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Jan 11, 2019 - 9:50:38 PM

Mooooo

USA

5445 posts since 8/20/2016

How can a group of cops hold a guy down while another cop uses his taser on the guy without shocking the rest of the cops holding him? I have seen this in a lot of shows. Do people buy this? Maybe electricity works differently on TV or maybe I am crazy.

Jan 11, 2019 - 11:12:55 PM
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172 posts since 4/22/2018

My brother in law is a cop and I was talking to him about tasers last year. The danger zone is the part of the body between the two barbs as the electricity is flowing between them (path of least resistance and all that). If you touch there, you could get zapped but the rest of the body is fine. When he did his training a few of them got tased and they were held up by colleagues to stop them breaking teeth etc when falling over.

Edited by - Wet Spaniel on 01/11/2019 23:13:45

Jan 11, 2019 - 11:36:51 PM

Mooooo

USA

5445 posts since 8/20/2016

That is amazing...assuming your brother-in-law is not a TV cop, but a real one. I never thought of that. Pretty ingenious invention. Thanks for the explanation, but I don't appreciate too much you calling me crazy.

Edited by - Mooooo on 01/11/2019 23:42:30

Jan 12, 2019 - 2:59:33 AM
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172 posts since 4/22/2018

Mad as a hatter !!!

He's a real cop. They also use them like a cattle prod rather than just firing it at a person, so if someone is fighting/struggling they can be zapped without harming the cops they are wrestling with.

When he told me it got me to thinking is it really necessary to stand clear when shocking a casualty with an AED - I'm not crazy or brave enough to try that though.

Jan 12, 2019 - 8:09:09 AM
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Wyozark

USA

578 posts since 12/2/2012

We often had tasers in our armory, however, like a lot of tools they had limited application. And to effectively use them one had to be proficient and knowledgeable in their use. This means training. And training can't be for just a few: anyone should be able to use them because in a 24 hour/7 operation there may be a need at one in the morning or on a holiday or any old time. But to train everyone who needs it means additional time away from the actual job. And when you are constantly short-handed it becomes expensive and difficult to get everyone trained consistently. It's not "once and done" training. So we had access to them, but I don't recall a situation where we actually used one. It was easier to bring in my specialty team to deal with the matter.

We also had a taser shield, which is even more specialized. It was a standard translucent riot shield, but had a taser built in the front that had a high-pitched start up sound and then crackle that unnerved people before it was ever put to use. Which meant we then didn't have to use it.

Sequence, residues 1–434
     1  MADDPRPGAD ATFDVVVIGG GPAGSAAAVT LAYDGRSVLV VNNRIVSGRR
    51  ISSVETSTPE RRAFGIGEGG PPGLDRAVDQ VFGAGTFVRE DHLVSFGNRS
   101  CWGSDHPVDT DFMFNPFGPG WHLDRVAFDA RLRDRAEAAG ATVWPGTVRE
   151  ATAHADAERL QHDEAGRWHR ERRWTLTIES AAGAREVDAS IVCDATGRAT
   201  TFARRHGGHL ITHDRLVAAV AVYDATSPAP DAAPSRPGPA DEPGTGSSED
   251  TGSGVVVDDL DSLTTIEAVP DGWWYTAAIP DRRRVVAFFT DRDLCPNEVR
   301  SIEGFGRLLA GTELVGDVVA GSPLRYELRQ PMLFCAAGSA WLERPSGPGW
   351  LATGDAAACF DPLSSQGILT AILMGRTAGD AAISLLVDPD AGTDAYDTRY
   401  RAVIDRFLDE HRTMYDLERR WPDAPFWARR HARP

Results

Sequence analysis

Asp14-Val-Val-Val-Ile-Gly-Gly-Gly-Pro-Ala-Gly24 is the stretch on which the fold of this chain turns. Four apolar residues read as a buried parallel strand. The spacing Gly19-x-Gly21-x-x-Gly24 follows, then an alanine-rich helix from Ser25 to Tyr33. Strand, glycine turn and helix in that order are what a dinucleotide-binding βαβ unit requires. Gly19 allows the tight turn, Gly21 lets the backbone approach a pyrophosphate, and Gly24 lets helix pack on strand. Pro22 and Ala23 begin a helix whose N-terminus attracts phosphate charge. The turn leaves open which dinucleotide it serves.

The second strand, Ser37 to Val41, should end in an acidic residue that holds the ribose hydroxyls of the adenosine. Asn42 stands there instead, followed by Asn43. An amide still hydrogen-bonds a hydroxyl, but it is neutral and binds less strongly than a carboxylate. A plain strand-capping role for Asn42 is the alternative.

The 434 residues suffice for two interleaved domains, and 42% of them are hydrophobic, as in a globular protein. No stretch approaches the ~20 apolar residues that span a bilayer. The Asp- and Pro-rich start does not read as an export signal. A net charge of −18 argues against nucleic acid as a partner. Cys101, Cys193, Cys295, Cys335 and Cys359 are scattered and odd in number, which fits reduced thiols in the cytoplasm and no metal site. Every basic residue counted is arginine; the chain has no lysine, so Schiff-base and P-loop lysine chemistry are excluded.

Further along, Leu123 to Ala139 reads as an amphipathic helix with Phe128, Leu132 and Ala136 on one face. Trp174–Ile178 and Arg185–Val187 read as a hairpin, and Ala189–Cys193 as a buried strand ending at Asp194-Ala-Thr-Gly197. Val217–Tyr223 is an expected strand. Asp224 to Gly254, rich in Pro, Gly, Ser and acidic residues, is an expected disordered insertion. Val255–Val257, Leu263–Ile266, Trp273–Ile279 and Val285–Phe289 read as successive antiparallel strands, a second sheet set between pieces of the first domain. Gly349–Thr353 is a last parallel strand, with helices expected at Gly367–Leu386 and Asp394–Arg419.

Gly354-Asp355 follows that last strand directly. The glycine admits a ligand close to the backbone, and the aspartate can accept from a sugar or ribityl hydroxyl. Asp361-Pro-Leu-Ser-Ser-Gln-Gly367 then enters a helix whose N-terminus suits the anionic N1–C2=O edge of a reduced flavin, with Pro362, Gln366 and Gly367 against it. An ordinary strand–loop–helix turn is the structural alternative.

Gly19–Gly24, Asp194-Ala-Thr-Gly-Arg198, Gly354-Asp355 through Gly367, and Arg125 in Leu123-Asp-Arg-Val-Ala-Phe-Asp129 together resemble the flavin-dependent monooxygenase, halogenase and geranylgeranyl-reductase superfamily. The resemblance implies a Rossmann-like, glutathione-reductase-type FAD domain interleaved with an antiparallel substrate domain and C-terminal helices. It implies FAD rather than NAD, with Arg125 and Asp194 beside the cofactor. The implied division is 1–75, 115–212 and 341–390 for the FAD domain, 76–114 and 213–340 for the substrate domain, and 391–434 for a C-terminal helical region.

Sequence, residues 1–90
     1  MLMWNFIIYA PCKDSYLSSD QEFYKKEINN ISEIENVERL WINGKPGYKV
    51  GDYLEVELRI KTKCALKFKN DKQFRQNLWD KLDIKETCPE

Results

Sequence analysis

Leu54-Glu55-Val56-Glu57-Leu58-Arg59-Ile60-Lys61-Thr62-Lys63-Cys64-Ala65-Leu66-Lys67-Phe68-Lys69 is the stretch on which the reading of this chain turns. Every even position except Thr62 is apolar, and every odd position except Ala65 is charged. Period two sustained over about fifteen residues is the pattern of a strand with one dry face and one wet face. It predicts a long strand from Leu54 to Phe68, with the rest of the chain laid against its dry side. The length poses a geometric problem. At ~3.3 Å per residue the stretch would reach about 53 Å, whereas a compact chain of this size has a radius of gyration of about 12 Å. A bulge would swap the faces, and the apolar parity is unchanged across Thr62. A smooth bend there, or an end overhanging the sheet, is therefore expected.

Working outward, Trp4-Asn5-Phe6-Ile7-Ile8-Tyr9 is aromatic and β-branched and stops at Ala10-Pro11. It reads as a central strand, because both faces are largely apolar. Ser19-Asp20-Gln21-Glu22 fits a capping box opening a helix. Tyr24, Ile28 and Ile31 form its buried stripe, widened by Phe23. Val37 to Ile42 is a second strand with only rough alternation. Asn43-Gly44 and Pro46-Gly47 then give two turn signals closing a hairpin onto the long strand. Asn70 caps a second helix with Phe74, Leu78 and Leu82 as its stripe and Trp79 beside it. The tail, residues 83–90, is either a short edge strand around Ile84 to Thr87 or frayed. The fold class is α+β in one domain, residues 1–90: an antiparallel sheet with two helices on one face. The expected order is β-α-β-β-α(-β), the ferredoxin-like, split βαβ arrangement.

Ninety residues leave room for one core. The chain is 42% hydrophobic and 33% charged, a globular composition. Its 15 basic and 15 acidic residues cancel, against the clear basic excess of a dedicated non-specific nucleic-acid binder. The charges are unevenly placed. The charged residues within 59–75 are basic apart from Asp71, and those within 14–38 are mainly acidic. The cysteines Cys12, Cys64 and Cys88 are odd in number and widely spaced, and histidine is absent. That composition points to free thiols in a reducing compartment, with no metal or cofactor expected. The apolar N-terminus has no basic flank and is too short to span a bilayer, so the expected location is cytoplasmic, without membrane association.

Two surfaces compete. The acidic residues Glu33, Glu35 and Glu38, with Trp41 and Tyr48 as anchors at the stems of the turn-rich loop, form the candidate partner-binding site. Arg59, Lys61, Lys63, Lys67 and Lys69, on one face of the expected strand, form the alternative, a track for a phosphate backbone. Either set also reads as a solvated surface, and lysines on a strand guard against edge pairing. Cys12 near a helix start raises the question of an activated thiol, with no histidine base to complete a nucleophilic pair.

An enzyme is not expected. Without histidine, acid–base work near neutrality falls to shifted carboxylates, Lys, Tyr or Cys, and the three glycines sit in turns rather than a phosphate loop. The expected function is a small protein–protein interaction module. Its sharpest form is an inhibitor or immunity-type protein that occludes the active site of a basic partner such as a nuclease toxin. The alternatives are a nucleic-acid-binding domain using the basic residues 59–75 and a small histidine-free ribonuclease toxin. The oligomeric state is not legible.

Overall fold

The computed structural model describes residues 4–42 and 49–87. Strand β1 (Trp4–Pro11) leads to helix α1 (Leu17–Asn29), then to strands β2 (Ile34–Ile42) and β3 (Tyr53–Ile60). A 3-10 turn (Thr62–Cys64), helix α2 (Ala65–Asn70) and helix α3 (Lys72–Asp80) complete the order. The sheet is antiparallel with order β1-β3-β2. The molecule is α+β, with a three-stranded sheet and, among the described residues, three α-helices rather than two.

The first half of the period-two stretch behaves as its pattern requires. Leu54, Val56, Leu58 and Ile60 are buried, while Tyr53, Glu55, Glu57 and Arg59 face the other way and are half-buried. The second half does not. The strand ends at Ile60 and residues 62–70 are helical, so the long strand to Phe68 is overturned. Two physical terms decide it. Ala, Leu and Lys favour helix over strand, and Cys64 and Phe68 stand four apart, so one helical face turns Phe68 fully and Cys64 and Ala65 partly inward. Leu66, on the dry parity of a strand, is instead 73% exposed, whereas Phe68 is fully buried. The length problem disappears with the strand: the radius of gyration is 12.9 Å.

Here is a video that includes the use of the taser by officers.

National Geographic Lockdown - Newbies

In corrections if we use non-lethal force we often are required to be on the receiving end during training so that we understand the effects. For example, we know what pepper spray will do to a person because we have experienced it first hand. Ain't pleasant, I can tell ya...

Jan 12, 2019 - 9:57:41 AM
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Mooooo

USA

5445 posts since 8/20/2016

Learning about tasers like this makes me feel like someone being told for the first time that the Earth is round. I was also thinking of all the times I saw them use defibrillators on TV and said "Clear"... I assumed it should be the same for tasers. Now I have to rethink everything I know to be true. Is there gravity? Can I put my hand on a hot stove? Is it o.k. to poke a bear? So what if you shoot a fire hose at a line of cops using the electric shields? Will it be like throwing a radio into the bathtub? I should probably think before I type, but it's much funner not to.

Jan 12, 2019 - 10:16:26 AM
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172 posts since 4/22/2018

True story.... A friend of mine runs a B&B in the village I live in. A couple of years back a group of young men asked if they could use the hot tub in the garden, he said OK and then went out for the afternoon. When he came back, the group of guys were still in the tub but had got through a couple of slabs of beer and were very drunk very loud, and very lewd/swearing/cursing. My mate asked them to calm down and get out of the tub, to which they laughed at him and carried on as before with the noise etc.

Ten minutes later, my mate reappeared in the garden paying out three or four electrical extension cables he had daisy chained together with a toaster connected to the end,.....funnily enough the lads saw sense at this point and got out of the tub.

Jan 12, 2019 - 10:26:44 AM

Mooooo

USA

5445 posts since 8/20/2016

Now that is a brilliant and fun use of electricity. If it was me, just before throwing in the toaster, I would have yelled "Clear"...I guess I would have had the last laugh in that case.

Jan 12, 2019 - 2:13:07 PM

3713 posts since 11/29/2005

About an AED. YES! Mainly in the EMS sector. As a FF/EMT I was trained to be sure everybody was clear because usually you were working on the ground, and often it was damp. Any connection to ground (as applied in the electric sense) would give the current another path to completion, and the human body conducts electricity well.

CLEAR! (look at each person close to the victim to insure compliance, then push the button)

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